The family to have extensive influence on Amport was the Paulett family, ennobled as the Marquisess of Winchester. Amport House was until 1918 the last fragment of an estate which had been, despite name changes and descent through the female line, in the same family’s hands since William the Conqueror gave it and many other estates in Hampshire to Hugh de Port, one of his most trusted lieutenants. Anne was the Saxon name of the Pinhill brook that has given its name to Amport via Anne de Port and also to Abbots Ann and Anna Valley.
His descendants changed their name to Paulet and steadily grew in importance until, at the time of Henry VIII, Sir William Paulet, Controller of the King’s Household, was created first Marquis of Winchester. His main seat was Basing Castle which, after much rebuilding, he turned into the “greatest of any subject’s house in England, yea, larger than most the King’s palaces’.
In the Civil War the fifth Marquis was a Royalist and defended Basing Castle against all comers until Cromwell captured and demolished it; its owner had to flee to France. At the Restoration, however, he got his estates back and, since Basing Castle had gone, divided his time between a smaller house there and Amport.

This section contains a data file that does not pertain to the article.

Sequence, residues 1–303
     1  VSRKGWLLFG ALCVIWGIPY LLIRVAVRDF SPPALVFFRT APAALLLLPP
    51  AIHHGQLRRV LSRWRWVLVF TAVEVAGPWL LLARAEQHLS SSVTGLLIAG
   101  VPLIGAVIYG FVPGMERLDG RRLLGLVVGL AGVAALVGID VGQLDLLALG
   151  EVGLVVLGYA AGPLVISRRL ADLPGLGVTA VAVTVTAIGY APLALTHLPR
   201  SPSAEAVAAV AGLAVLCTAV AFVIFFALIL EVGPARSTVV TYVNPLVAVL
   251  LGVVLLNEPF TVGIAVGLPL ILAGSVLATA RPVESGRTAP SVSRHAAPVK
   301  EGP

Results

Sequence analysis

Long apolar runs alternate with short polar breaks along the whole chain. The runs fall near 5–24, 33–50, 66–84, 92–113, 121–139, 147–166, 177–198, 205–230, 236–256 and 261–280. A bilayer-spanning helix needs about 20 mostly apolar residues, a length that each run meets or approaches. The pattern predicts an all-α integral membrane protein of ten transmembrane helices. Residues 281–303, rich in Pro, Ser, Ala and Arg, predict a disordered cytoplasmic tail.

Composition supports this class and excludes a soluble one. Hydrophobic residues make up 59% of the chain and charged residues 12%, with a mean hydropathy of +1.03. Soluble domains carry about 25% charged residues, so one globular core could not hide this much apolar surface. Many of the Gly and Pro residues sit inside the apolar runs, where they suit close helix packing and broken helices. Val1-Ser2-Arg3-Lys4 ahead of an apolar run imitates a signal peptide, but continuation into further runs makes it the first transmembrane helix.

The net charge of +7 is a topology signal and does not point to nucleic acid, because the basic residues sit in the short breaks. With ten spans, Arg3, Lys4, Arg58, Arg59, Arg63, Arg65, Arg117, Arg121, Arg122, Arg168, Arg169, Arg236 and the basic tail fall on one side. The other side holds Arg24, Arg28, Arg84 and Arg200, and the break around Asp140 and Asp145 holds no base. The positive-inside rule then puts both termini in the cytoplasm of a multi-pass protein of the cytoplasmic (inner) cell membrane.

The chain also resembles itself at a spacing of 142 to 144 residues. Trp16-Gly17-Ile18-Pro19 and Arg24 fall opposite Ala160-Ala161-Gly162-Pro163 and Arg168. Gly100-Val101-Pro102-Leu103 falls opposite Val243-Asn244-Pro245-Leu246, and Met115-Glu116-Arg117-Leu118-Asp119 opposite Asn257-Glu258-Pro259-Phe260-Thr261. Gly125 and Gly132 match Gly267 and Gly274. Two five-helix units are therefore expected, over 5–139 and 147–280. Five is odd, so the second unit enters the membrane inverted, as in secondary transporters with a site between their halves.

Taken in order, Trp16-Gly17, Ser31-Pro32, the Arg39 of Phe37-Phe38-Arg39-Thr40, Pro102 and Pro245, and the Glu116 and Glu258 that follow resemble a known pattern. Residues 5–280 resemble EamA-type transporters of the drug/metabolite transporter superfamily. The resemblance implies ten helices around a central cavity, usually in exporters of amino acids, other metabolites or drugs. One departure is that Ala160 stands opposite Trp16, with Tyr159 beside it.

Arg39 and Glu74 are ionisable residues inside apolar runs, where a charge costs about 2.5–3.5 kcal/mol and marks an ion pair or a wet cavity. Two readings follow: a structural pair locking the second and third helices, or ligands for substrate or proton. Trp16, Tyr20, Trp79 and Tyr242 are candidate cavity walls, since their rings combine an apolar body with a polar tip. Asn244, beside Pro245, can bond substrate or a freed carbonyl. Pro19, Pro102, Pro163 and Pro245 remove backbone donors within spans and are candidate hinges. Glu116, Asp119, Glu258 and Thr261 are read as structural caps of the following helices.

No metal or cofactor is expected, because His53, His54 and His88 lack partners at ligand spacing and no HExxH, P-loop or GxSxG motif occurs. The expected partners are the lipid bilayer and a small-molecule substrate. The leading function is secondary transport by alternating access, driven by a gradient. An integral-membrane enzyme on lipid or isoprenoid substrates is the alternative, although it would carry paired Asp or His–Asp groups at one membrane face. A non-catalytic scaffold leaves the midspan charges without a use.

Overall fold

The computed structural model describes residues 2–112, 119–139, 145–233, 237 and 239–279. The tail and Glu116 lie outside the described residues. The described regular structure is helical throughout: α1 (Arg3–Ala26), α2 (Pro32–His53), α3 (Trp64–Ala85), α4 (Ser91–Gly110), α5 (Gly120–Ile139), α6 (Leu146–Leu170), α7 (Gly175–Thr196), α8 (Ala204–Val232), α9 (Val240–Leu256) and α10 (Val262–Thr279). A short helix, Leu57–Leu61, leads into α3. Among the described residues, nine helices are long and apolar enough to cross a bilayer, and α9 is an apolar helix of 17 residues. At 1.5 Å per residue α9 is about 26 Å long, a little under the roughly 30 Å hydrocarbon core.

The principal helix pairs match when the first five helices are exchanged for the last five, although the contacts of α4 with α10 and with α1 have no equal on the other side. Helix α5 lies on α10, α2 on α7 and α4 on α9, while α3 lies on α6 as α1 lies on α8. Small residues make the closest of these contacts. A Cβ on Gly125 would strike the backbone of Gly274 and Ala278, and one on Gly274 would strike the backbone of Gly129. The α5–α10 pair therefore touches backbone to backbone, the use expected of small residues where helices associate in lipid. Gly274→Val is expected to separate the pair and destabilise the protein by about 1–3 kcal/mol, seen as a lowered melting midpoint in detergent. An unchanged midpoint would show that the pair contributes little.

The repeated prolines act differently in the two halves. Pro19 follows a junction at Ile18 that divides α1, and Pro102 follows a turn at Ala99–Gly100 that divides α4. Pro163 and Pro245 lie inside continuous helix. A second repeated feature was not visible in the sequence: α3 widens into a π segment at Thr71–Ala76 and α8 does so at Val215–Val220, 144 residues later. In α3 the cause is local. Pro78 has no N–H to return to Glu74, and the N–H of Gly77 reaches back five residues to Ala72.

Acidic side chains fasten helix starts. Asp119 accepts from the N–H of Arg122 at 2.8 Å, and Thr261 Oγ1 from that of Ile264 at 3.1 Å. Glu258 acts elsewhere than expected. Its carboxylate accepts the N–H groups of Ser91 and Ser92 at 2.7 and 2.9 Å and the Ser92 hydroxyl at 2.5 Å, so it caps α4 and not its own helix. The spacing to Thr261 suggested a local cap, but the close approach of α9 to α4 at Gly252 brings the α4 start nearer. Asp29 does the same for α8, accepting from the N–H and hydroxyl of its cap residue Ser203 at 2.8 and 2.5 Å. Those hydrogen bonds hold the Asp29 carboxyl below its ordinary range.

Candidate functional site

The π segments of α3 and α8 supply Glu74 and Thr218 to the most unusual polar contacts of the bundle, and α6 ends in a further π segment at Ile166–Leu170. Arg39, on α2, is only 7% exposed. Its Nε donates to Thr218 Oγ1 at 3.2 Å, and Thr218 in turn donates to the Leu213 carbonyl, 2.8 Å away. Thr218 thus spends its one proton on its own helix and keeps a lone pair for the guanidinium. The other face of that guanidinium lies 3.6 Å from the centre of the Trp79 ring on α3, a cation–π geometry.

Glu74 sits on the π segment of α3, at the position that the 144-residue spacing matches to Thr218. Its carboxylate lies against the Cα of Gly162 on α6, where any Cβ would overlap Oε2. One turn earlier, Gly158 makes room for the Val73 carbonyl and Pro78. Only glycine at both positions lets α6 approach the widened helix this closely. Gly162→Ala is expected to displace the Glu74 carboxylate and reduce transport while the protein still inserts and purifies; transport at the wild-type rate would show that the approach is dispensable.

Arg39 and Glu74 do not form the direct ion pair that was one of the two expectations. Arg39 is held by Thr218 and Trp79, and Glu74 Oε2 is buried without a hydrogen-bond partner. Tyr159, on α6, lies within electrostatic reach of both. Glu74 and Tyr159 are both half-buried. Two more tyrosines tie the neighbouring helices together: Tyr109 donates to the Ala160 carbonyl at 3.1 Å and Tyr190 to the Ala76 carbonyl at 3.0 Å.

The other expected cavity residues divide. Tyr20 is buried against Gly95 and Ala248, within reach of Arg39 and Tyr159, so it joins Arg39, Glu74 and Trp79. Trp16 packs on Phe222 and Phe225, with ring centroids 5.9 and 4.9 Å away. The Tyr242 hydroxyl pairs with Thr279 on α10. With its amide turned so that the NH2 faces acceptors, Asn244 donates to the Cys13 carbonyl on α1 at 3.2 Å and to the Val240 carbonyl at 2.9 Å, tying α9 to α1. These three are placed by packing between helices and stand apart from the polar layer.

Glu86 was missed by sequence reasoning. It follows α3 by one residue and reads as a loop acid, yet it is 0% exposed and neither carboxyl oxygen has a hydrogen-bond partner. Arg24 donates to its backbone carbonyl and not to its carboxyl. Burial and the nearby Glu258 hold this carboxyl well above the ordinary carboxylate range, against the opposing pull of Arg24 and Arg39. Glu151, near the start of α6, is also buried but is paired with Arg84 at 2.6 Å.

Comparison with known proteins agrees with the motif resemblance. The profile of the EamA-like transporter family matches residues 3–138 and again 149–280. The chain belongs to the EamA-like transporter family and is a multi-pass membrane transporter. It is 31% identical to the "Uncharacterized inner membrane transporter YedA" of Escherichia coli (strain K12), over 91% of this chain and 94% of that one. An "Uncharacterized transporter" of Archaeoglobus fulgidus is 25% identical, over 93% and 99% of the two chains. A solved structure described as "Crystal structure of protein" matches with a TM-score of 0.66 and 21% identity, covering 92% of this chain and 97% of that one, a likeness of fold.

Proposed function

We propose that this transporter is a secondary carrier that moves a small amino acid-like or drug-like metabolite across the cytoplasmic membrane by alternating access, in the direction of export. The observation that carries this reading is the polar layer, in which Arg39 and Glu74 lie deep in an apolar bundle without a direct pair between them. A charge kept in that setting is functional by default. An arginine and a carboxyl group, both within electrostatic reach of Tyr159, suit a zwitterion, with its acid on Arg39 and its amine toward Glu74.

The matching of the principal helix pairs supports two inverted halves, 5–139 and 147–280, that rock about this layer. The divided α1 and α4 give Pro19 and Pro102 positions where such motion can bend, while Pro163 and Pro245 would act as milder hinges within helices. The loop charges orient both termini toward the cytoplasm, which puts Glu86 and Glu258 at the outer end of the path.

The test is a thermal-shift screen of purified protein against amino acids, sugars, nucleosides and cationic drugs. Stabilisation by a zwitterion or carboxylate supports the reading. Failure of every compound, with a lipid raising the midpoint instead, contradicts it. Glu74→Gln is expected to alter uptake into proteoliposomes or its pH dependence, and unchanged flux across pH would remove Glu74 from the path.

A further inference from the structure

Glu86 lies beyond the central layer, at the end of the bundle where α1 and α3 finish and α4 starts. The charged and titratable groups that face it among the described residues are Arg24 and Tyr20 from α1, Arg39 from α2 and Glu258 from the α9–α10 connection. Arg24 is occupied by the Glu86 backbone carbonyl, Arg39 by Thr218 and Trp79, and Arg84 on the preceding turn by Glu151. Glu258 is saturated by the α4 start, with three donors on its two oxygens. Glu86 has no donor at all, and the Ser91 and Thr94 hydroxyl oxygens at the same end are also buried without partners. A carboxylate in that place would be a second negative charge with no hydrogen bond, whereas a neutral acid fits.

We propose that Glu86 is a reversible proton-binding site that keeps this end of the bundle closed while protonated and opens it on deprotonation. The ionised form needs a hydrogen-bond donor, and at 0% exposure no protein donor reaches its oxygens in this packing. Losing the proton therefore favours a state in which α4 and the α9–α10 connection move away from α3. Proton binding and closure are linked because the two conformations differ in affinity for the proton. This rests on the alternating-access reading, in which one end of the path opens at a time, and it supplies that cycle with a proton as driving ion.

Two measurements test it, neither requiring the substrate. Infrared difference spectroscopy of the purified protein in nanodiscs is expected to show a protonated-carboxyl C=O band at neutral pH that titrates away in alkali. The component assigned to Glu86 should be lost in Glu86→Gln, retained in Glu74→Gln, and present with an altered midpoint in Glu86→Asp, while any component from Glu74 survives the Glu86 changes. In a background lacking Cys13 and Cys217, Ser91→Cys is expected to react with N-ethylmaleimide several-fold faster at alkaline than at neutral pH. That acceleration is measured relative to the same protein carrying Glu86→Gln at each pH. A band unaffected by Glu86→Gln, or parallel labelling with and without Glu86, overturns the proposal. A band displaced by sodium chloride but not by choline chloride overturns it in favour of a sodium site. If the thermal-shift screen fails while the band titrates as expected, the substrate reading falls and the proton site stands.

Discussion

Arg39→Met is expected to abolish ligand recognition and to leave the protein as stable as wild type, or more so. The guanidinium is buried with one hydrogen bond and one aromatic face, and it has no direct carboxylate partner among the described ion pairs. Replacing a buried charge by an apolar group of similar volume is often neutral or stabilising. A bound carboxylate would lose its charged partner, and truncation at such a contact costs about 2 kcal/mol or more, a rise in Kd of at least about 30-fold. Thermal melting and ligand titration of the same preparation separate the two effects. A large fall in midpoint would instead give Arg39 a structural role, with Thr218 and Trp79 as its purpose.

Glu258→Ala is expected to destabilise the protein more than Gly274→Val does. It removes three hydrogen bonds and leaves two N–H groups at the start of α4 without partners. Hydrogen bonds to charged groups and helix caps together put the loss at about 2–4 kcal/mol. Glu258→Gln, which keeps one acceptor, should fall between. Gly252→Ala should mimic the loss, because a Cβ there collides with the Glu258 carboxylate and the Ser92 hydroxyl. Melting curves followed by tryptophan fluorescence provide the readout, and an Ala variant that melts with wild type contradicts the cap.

The original estate was vast, taking in the whole of the area of Andover Airfield, the villages of Thruxton, Monxton, Grately and most of Quarley, plus large tracts of land south of the present railway line. Most of the peasant houses clustered around the church at that time. In the early eighteenth century the Marquis of Winchester, Lord of the Manor, wanted to create a park around his house and many of the peasant houses were swept away. They were rebuilt besides what is now know as The Green.
There have been several Amport Houses in the area of the current one. In the 19th century two were built by new owners to keep up with the current fashions.
Charles Paulet became 13th Marquis of Winchester in 1800. From the start he seems to have sought to live in a manner appropriate for the premier marquis of England. He began by building a new mansion on the site of the previous house and it was finished in 1806. At Fig 1 is an engraving of the house with its classical, white stuccoed frontage and projecting wings linked to an Ionic columned portico; somewhat modelled on Palladio.